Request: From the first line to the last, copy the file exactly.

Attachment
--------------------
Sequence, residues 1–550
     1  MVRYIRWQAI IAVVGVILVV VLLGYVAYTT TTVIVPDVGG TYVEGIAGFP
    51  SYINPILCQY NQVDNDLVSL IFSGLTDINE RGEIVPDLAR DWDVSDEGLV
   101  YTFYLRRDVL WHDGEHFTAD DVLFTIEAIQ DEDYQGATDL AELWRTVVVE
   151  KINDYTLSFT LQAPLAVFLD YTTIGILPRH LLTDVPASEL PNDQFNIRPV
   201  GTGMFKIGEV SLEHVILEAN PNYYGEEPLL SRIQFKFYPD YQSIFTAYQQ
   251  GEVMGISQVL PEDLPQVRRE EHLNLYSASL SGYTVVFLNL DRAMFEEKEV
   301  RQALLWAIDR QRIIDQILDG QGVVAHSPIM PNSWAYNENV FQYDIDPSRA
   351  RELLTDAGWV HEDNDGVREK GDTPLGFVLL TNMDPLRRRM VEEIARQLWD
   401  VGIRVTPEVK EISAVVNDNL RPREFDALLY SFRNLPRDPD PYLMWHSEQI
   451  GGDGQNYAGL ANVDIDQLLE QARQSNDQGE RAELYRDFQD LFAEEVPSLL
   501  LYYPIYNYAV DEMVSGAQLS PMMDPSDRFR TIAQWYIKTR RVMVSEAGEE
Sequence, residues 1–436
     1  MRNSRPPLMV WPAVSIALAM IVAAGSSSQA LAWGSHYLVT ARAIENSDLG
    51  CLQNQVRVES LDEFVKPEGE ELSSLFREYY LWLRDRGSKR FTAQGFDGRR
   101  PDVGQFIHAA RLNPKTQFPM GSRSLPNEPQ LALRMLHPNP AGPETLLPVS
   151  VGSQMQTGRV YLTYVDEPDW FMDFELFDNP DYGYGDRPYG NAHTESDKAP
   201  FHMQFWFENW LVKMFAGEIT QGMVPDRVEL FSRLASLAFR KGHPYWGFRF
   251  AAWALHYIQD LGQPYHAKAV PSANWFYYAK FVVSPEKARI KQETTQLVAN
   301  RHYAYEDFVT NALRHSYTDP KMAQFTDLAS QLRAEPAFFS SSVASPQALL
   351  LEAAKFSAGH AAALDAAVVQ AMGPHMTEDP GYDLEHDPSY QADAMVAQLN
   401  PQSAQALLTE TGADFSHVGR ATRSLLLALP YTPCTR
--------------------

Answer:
Sequence, residues 1–550
     1  MVRYIRWQAI IAVVGVILVV VLLGYVAYTT TTVIVPDVGG TYVEGIAGFP
    51  SYINPILCQY NQVDNDLVSL IFSGLTDINE RGEIVPDLAR DWDVSDEGLV
   101  YTFYLRRDVL WHDGEHFTAD DVLFTIEAIQ DEDYQGATDL AELWRTVVVE
   151  KINDYTLSFT LQAPLAVFLD YTTIGILPRH LLTDVPASEL PNDQFNIRPV
   201  GTGMFKIGEV SLEHVILEAN PNYYGEEPLL SRIQFKFYPD YQSIFTAYQQ
   251  GEVMGISQVL PEDLPQVRRE EHLNLYSASL SGYTVVFLNL DRAMFEEKEV
   301  RQALLWAIDR QRIIDQILDG QGVVAHSPIM PNSWAYNENV FQYDIDPSRA
   351  RELLTDAGWV HEDNDGVREK GDTPLGFVLL TNMDPLRRRM VEEIARQLWD
   401  VGIRVTPEVK EISAVVNDNL RPREFDALLY SFRNLPRDPD PYLMWHSEQI
   451  GGDGQNYAGL ANVDIDQLLE QARQSNDQGE RAELYRDFQD LFAEEVPSLL
   501  LYYPIYNYAV DEMVSGAQLS PMMDPSDRFR TIAQWYIKTR RVMVSEAGEE
Sequence, residues 1–436
     1  MRNSRPPLMV WPAVSIALAM IVAAGSSSQA LAWGSHYLVT ARAIENSDLG
    51  CLQNQVRVES LDEFVKPEGE ELSSLFREYY LWLRDRGSKR FTAQGFDGRR
   101  PDVGQFIHAA RLNPKTQFPM GSRSLPNEPQ LALRMLHPNP AGPETLLPVS
   151  VGSQMQTGRV YLTYVDEPDW FMDFELFDNP DYGYGDRPYG NAHTESDKAP
   201  FHMQFWFENW LVKMFAGEIT QGMVPDRVEL FSRLASLAFR KGHPYWGFRF
   251  AAWALHYIQD LGQPYHAKAV PSANWFYYAK FVVSPEKARI KQETTQLVAN
   301  RHYAYEDFVT NALRHSYTDP KMAQFTDLAS QLRAEPAFFS SSVASPQALL
   351  LEAAKFSAGH AAALDAAVVQ AMGPHMTEDP GYDLEHDPSY QADAMVAQLN
   401  PQSAQALLTE TGADFSHVGR ATRSLLLALP YTPCTR